Reading:  The Velveteen Rabbit, Margery Williams (read by Bonnie Cochard)

“What is REAL?” asked the Rabbit one day, when they were lying side by side near the nursery fender, before Nana came to tidy the room. “Does it mean having things that buzz inside you and a stick-out handle?”  “Real isn’t how you are made,” said the Skin Horse. “It’s a thing that happens to you. When a child loves you for a long, long time, not just to play with, but Really loves you, then you become Real.”  “Does it hurt?” asked the Rabbit.  “Sometimes,” said the Skin Horse, for he was always truthful. “When you are Real you don’t mind being hurt.”  “Does it happen all at once, like being wound up,” he asked, “or bit by bit?”  “It doesn’t happen all at once,” said the Skin Horse. “You become. It takes a long time. That’s why it doesn’t happen often to people who break easily, or have sharp edges, or who have to be carefully kept. Generally, by the time you are Real, most of your hair has been loved off, and your eyes drop out and you get all loose in the joints and very shabby. But these things don’t matter at all, because once you are Real you can’t be ugly, except to people who don’t understand.”

Reading:   “Come Travel with Me,” Walt Whitman, from “The Song of the Open Road” (read by Zoe Wright-Riley)

Listen! I will be honest with you, I do not offer the old smooth prizes, but offer rough new prizes. These are days that must happen to you; You shall not heap up what are called riches You shall scatter with lavish hand all that you earn or achieve. Come, we must not stop here, However sweet these laid up stores, However convenient this dwelling, However sheltered this port and however calm these waters, We must not anchor here, However welcome the hospitality that surrounds us, We are permitted to receive it but a little while, Come, I give you my hand. I give you my love more precious than money, I give you myself before preaching and law; Will you give me yourself? Will you come travel with me? Shall we stick by each other as long as we live.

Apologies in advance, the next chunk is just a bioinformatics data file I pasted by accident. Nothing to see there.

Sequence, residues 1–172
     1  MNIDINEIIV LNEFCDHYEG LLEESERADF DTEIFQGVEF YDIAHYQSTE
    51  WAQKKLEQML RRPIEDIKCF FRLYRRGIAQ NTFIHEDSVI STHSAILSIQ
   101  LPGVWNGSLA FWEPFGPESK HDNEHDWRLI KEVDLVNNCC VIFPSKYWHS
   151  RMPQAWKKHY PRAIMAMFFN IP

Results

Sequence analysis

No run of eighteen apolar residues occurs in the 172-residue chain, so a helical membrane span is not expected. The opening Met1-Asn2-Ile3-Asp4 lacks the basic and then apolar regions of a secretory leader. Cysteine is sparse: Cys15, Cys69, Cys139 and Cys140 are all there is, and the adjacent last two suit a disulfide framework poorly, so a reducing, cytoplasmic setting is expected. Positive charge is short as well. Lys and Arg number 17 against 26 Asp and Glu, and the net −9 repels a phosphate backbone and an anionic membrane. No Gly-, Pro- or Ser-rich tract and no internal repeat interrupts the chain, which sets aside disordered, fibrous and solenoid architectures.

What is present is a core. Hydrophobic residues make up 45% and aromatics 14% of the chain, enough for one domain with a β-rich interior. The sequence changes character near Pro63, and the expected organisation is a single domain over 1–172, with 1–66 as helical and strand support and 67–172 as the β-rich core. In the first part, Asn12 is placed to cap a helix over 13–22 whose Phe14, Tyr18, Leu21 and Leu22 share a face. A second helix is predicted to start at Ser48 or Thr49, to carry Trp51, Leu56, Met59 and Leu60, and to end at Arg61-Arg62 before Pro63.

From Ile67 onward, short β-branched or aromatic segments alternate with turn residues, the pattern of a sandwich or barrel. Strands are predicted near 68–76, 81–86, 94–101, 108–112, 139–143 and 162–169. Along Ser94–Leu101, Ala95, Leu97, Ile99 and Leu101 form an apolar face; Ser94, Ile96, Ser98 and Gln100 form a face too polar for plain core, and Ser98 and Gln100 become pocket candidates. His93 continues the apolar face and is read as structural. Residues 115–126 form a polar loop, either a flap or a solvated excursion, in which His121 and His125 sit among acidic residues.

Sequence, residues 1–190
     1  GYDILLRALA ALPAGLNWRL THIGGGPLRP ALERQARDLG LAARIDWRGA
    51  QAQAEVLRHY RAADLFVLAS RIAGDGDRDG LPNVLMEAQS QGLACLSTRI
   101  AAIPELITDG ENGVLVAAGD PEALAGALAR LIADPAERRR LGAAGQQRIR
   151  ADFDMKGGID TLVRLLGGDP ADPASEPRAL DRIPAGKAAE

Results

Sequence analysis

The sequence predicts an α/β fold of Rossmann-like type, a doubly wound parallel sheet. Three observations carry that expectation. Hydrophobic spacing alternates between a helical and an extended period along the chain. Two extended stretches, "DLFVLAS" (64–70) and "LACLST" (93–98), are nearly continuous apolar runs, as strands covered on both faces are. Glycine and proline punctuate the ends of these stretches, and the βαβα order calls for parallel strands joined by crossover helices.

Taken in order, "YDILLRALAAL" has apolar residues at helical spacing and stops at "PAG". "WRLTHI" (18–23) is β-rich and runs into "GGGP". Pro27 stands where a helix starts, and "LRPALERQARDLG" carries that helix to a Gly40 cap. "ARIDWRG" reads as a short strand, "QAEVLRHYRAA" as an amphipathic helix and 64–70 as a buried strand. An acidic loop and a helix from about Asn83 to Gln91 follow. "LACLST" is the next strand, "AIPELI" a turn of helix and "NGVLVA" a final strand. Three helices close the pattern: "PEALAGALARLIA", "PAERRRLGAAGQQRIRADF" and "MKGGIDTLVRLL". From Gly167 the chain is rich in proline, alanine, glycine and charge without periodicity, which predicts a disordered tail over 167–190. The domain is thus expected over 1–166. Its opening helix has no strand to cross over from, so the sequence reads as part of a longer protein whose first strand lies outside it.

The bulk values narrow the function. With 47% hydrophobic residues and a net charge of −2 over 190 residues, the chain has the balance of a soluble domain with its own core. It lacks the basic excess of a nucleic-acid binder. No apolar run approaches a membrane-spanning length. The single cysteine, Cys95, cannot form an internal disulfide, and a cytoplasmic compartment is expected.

Unison Reading:        “Simple Gifts,” Shaker Elder Joseph Brackett (1848)

‘Tis the gift to be simple, ’tis the gift to be free
‘Tis the gift to come down where we ought to be,
And when we find ourselves in the place just right,
‘Twill be in the valley of love and delight.
When true simplicity is gain’d,
To bow and to bend we shan’t be asham’d,
To turn, turn will be our delight,
Till by turning, turning we come ’round right

Blessing and Benediction  (Justin)

Leslie and Patrick,
may you have a long, happy life together
and may you have an abundance of all the simple things that truly make life rich.
May you be blessed with determination and courage;
strength and faith.
May your trials be endurable, your hardships bearable, and your sorrows surmountable.
May you be blessed with peace and prosperity;
health and happiness.
May your joys be amplified, your hopes multiplied,
and your love magnified always.
And may the assembled love that enfolds you now
– both the human and the Holy –
be more than a mere memory,
may it be alive in your hearts
and a constant blessing in your lives,
this day and always.
To all here gathered,
may some important part of each one of us
be renewed today for having been part of this celebration.
May you be blessed with peace, safety, security,
and love in your lives,
and may the blessings of all that is Good and Holy
be with you now and for evermore.
Amen.

Exit/Recessional:       “The Water is Wide”